The women pose for a curious press corps on 23 September. (Rodrigo Abd | Associated Press)
Guatemala City, Guatemala | News outlets over the past two months have seized on the story of Estrellas de la Linea (Stars of "The Tracks"), Guatemalan sex workers seeking to create a more human image of themselves through football. The idea came from filmmakers Jose Maria Rodriguez and Jesus Velasco, and from Guatemalan journalist Andres Zepeda. They are making a documentary film about life in "La Linea," a poor neighborhood on the edge of Guatemala City, where a railroad used to run. The women asked how to improve their lives and, specifically, how to gain custody rights of their children. Rather than standard-issue protests, the filmmakers suggested a football team: good for the film, one supposes, and good for the women.
As many as 17,000 women work in Guatemala's sex trade, one for every 150 men over age 15. Their popularity rivals the scorn they receive, such that, when Estrellas, in one of their early matches, allowed 18 goals—playing 5-on-5 on hardscrabble courts or bare ground—they still felt triumphant. "I felt so content after the game because [the opponents] were so polite to us, they didn't judge us and I liked how it felt to be treated with respect," said Susy Sica, 41, a Maya Indian and single mother of seven (Catherine Elton, "Prostitutes Win Respect with Soccer," Miami Herald, 31 October). The occasion contrasted sharply with the first fixture on 18 September against the girls' team from the American School of Guatemala. The identity of Estrellas at that point was unknown to officials of Futeca, a football academy and organizing entity for amateur men's, women's and youth leagues. Unknown, that is, until Estrellas started distributing flyers listing their demands for expanded rights. The league ejected Estrellas, citing the concern that, among other things, "the players' sweat might transmit sexual diseases" (Carlos Arrazola, "Guatemalan Prostitutes Booted from Soccer League," Agencia EFE, 25 September). Thus a story was born.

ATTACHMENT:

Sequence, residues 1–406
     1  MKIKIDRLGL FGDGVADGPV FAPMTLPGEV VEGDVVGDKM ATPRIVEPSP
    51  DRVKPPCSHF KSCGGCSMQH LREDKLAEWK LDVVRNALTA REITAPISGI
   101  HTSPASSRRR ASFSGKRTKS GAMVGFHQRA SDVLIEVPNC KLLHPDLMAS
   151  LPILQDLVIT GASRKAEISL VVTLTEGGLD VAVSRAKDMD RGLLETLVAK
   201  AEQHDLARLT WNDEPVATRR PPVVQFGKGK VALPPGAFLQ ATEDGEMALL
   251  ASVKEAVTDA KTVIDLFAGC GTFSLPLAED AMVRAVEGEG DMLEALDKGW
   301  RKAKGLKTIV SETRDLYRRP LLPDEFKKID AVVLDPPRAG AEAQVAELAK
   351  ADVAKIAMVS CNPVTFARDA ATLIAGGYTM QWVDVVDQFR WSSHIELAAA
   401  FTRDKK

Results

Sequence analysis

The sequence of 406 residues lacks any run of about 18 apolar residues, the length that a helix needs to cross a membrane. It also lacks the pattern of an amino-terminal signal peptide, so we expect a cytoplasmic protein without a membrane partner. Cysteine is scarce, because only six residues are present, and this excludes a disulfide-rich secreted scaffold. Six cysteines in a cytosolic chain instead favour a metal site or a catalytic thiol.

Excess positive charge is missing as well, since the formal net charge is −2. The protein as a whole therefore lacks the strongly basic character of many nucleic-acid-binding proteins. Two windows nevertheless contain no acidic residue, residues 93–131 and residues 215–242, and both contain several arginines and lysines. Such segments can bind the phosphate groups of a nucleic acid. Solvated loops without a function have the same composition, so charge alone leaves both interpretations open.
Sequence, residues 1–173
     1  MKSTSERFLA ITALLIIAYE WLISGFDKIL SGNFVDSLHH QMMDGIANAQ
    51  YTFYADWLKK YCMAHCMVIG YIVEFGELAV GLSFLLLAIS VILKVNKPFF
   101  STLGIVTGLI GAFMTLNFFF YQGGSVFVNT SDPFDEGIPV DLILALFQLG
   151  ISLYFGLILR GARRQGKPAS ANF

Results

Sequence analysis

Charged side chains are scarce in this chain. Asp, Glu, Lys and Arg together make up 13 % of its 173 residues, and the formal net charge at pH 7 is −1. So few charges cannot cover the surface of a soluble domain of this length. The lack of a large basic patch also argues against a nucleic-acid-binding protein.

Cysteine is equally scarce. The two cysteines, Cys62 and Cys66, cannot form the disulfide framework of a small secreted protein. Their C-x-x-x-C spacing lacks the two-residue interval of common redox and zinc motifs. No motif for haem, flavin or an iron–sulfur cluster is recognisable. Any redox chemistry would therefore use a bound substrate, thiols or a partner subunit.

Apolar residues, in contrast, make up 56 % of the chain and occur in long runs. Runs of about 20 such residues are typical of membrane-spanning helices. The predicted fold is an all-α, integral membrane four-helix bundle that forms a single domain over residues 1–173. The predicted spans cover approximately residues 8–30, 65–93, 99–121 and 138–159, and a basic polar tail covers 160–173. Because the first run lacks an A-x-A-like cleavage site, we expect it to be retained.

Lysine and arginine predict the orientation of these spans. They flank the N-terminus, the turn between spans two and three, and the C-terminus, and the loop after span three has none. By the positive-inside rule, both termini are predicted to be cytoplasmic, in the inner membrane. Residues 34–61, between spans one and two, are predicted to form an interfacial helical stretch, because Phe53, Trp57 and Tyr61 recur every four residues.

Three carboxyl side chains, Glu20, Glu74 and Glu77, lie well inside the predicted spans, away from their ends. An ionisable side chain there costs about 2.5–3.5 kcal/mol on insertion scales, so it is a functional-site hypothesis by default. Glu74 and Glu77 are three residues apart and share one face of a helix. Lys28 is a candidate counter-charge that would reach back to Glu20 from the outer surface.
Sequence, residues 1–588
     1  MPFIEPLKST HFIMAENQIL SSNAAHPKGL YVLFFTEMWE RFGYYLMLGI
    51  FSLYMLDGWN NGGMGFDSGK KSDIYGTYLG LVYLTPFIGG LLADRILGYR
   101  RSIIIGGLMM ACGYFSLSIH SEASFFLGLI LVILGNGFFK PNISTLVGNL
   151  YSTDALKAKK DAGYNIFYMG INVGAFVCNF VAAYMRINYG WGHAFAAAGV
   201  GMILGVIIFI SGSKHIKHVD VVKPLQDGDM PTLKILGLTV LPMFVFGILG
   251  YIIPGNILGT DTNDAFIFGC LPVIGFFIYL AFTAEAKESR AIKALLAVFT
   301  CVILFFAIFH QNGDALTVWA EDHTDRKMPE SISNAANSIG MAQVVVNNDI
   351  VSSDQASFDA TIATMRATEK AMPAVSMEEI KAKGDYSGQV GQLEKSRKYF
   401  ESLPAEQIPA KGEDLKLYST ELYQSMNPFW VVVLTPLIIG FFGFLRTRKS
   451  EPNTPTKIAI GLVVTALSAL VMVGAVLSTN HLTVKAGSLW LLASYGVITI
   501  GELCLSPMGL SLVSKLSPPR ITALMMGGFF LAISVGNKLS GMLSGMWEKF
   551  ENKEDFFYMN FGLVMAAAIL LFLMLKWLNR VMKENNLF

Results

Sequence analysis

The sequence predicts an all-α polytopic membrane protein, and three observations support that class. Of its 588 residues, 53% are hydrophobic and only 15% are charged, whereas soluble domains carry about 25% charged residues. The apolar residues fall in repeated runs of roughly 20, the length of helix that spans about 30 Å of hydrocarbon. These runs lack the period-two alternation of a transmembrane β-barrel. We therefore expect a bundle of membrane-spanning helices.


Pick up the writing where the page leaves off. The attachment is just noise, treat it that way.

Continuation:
Following the EFE report, Guatemala's punditry weighed in. Dina Fernández, columnist for Prensa Libre, suggests that the women were exploited by the filmmakers and exposed to "public humiliation" so they might generate interesting footage ("El partido de las Estrellas," 27 September):
Porque empecemos por ahí: este episodio no se dio por generación espontánea. Los promotores de las "Estrellas" fueron a inscribir al equipo a Futeca, pero jamás informaron que las integrantes eran ejecutivas de la profesión más antigua del mundo, pues sabían perfectamente que no las hubieran aceptado.
Having said this, this episode did not begin spontaneously. The promoters of "Estrellas" went to register the team with Futeca, but they never said that the team members were practitioners of the world's oldest profession, knowing full well that they would not be accepted.
She is right that the women are ripe for exploitation, caught in the double-bind of poverty and illiteracy. The women earn as little as $2.50 per client. Yet by forswearing silence they expose themselves to ridicule. Some media outlets, such as the Richmond Times-Dispatch, see fit to mention the women's plight as part of the "lighter side of sports," under the headline "Working Girls." Thankfully, Claudia Virginia Samayoa of Siglo Veintiuno provides a corrective ("La resistencia a ser cocinadas," 27 September): "You cannot imagine the levels of discrimination and abuse the sex servants must survive."
The Estrellas with their actions have also brought attention to the shocking totals of women who have been murdered in Guatemala—more than 1,300 since 2001 (see Nick Caistor, "Prostitutes Play the Beautiful Game," BBC News, 30 October). The Organization of American States special representative laments that violence against women receives such little notice in traditional societies like Guatemala's. The Estrellas' media-aware advocacy thus seems all the more surprising, as when player Vilma Martinez notes the difference between appearances and reality in the sex workers' lives.
We put on makeup, get dressed up and laugh a lot—that's what the people see. How many of the people who discriminate against us know what it feels like when we shut the doors of our rooms and have sex with someone we don't want?
Update: National Public Radio aired a report on Estrellas on its Day to Day program (http://www.npr.org/templates/story/story.php?storyId=4280862) on 12 January 2005.